March 23 is the death anniversary of one of the most heroic figures of the Indian freedom movement. Few people remember it, though. Forget the rest of India, even the children of the village where he was born, do not know anything about him. The Free Press Journal in its issue of 24th March 1931 wrote: “S. Bhagat Singh, Rajguru and Sukhdev live no longer. In their death lies their victory let there be no mistaking it. The bureaucracy has annihilated the mortal frame. The nation has assimilated the immortal spirit. Thus shall Bhagat Singh, Rajguru and Sukhdev live eternally to the dismay of the bureaucracy. . . . To the nation, Bhagat Singh and colleagues will ever remain the symbols of martyrdom in the cause of freedom.”
Bhagat Singh’s ideological world and political perspectives were shaped by his deep study of radical literature, which enabled him to develop an egalitarian view of society. From this literature he imbibed the ideas of democracy, socialism and rationalism, which eventually became the guiding principles of his political and social philosophy. He envisioned a system in which there was “no exploitation of man by man and nation by nation”. He realised that a qualitative change in the existing social relations was necessary for ushering in such a condition.
Many aspects of the life and work of Bhagat Singh have been written about. While Bhagat Singh continues to remain an icon for modern-day Indian youth, the fact that needs to be underlined is that he and his associates acquired the status of living legends even in their brief life time. This is confirmed by the fact that the British clandestinely advanced the hanging of Bhagat Singh, Rajguru and Sukhdev fearing a public outrage. In an unprecedented manner, these legendary heroes of the Indian freedom movement were hanged until death at dusk on March 23, 1931 instead of the 24th morning. The British tried to surreptitiously dispose the bodies at Hussainwallah on the banks of the Sutlej.
There are various elements of Bhagat Singh’s life that have contributed to his immortal legend, heroism, sacrifice, the political clarity and the ability to catch the imagination of the people. The Hindi film industry has now converted this legend into an icon. During the first few years of this century, at least six films have been made on this revolutionary. The last in this series being the very creative effort, Rang De Basanti. The title of the film comes from the immortal song which Bhagat Singh and his associates supposedly sang as they were marching to the gallows. Though the film was come under severe criticism for its alleged projection of nihilism, the essential thrust is being missed. In actual life, many individuals may associate passionately with a political project due to various reasons and under varied circumstances. The moot question, however, is, when it comes to the crunch, whether these individuals stand up to their political convictions, or, not. This is the acid test. The protagonists in this film (including one who vacillates) embrace a sure death out of conviction and not being pushed into that position by circumstances. The option to opt out was always there. But, they choose not to do so.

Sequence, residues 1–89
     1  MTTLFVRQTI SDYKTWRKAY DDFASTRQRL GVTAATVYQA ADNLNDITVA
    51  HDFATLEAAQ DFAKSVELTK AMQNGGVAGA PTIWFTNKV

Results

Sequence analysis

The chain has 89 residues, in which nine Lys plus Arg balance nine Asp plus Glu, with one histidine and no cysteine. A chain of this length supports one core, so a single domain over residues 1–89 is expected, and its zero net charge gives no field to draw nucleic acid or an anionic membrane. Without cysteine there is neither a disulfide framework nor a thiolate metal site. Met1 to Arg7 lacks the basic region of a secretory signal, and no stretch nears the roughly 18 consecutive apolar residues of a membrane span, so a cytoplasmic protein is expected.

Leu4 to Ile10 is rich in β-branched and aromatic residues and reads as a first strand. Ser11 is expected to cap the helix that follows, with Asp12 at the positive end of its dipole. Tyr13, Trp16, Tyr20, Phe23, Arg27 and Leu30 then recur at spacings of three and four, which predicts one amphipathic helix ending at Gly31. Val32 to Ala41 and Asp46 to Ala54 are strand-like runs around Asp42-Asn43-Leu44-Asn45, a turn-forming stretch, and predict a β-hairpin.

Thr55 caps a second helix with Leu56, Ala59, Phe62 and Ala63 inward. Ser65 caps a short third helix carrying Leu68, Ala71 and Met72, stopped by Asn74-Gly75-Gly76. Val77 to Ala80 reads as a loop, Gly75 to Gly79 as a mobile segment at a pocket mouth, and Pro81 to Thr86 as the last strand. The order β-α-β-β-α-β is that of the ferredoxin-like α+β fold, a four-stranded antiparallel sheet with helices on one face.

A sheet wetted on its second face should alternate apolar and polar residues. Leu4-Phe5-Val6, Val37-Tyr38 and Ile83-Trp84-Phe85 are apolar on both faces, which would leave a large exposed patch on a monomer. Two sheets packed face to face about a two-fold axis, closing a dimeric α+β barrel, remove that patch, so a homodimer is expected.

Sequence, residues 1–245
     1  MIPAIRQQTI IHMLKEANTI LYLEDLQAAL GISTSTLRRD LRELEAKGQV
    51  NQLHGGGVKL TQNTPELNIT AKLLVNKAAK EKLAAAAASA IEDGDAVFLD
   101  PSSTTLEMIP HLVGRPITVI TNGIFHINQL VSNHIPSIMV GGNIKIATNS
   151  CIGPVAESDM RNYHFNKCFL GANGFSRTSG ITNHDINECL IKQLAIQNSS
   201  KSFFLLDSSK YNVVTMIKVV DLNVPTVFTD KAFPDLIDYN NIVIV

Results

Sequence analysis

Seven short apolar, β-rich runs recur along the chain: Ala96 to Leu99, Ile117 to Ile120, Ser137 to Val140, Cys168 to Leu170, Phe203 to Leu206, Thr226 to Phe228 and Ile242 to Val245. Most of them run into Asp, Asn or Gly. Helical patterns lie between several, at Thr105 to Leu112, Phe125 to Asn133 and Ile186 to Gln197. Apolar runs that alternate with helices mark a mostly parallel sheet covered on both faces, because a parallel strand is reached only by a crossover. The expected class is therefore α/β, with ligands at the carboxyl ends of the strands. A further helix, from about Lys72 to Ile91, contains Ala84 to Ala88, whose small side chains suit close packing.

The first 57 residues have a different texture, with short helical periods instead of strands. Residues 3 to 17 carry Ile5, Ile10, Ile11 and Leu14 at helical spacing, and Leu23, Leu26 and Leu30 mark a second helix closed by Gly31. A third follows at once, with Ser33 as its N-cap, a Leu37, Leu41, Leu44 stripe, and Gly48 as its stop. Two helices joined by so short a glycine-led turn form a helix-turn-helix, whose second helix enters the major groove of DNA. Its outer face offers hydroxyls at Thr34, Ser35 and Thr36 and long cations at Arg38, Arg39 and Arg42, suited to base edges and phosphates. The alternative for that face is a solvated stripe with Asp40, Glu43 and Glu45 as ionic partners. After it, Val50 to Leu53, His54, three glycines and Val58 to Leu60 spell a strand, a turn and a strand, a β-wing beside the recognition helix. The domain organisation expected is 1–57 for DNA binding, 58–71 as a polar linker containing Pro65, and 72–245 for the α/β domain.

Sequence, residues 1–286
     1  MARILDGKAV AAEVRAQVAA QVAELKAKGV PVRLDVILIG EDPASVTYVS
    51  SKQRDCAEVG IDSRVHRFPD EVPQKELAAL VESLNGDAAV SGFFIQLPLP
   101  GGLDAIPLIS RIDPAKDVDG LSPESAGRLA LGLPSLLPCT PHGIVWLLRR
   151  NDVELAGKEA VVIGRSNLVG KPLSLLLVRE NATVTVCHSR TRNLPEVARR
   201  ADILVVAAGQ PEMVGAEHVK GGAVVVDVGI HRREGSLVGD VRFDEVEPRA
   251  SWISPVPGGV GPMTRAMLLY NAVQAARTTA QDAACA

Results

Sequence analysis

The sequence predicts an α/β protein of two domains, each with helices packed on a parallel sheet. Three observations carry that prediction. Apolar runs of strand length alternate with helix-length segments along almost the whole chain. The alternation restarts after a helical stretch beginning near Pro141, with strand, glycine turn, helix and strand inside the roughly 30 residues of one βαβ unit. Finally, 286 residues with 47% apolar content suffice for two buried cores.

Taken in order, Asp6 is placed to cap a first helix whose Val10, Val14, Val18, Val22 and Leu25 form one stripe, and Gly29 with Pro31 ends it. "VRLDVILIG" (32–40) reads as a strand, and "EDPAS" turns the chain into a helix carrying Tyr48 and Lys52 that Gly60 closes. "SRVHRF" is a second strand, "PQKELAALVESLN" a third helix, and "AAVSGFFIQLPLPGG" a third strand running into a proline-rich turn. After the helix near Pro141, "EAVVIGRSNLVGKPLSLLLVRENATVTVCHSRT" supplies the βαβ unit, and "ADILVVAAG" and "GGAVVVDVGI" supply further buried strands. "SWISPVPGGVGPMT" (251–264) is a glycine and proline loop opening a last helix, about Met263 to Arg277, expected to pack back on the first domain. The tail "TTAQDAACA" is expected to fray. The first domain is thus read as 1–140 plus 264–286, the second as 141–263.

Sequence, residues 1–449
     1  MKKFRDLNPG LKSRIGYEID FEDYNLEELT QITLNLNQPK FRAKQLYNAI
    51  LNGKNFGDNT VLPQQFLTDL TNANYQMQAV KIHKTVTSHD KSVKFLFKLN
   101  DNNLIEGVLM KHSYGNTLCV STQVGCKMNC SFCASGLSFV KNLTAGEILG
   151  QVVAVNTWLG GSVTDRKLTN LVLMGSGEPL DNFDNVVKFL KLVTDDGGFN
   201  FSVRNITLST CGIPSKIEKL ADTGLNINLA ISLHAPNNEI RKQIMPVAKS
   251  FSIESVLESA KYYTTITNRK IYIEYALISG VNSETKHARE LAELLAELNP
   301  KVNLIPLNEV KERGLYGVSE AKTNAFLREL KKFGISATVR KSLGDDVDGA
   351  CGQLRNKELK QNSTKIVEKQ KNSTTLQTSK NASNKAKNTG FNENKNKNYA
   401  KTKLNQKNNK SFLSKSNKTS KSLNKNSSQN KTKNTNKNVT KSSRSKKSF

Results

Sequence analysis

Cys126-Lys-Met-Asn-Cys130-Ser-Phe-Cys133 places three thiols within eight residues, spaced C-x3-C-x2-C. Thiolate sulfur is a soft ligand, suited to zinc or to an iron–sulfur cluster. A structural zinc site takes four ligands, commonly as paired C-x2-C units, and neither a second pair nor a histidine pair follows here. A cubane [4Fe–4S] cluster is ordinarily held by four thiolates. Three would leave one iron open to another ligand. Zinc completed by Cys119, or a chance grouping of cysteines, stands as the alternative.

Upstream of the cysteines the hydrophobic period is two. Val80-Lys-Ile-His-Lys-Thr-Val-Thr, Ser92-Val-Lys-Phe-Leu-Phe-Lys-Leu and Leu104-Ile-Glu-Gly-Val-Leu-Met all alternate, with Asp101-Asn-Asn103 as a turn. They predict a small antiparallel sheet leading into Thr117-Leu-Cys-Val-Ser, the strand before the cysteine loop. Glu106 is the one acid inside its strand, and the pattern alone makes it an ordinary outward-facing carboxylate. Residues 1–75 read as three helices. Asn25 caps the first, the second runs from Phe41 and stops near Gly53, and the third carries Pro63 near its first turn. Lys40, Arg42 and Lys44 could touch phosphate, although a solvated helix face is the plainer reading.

This is exactly what Bhagat Singh and his associates did. They marched to death with a smile. When the hangman offers him to pray before death, he says, “I have neither fear of death nor belief in God”. In terms of political belief, while firmly abjuring “the cult of the bomb and the pistol”, as Bhagat Singh himself notes, they chose to throw the bomb at the Delhi assembly and murder Saunders with pistol under the firm belief that these actions would galvanise the youth to seek freedom.
Bipan Chandra has rightly concluded in the 1970s book on Bhagat Singh—- Why i am an atheist, that “it is one of the greatest tragedies of our people that this giant of a brain was brought to a stop so early by the colonial authorities.” It is the nature of colonialism and imperialism to cause such tragedies, be it in India or Vietnam, in Iraq, Palestine, or Latin America. But the people do avenge these crimes by yet more ferocious struggles against imperialism, if not today, then tomorrow. Our task is to keep the memory of our martyrs fresh, and by doing so we prepare the victories of tomorrow.
I have found this document in the book edited by Sh. Shiv Verma, close associate of Bhagat Singh and a life convict in the same Lahore Conspiracy Case in which Bhagat Singh was hanged. Shiv Verma was also co-prisoner of Bhagat Singh in jail and he has included in his book both the Execution warrant issued by the special tribunal on 7th October 1930,as well as the certificate issued by the Superintendent of the Jail on26th March 1931, which reads as followed by:
“ I hereby certify that the sentence of death passed on Bhagat Singh(name of the martyr is handwritten in otherwise typed certificate) has been duly executed, and that the said Bhagat Singh(again handwritten) was accordingly hanged by the neck till he was dead, at Lahore C. Jail(handwritten) on Monday(handwritten) the 23rd(handwritten) day of march(handwritten 1931 at 7.p.m.(inserted handwritten) that the body remained suspended for a full hour, and was not taken down until life was ascertained by a medical officer to be extinct, error or other misadventure occurred.
Superintendent of the Jail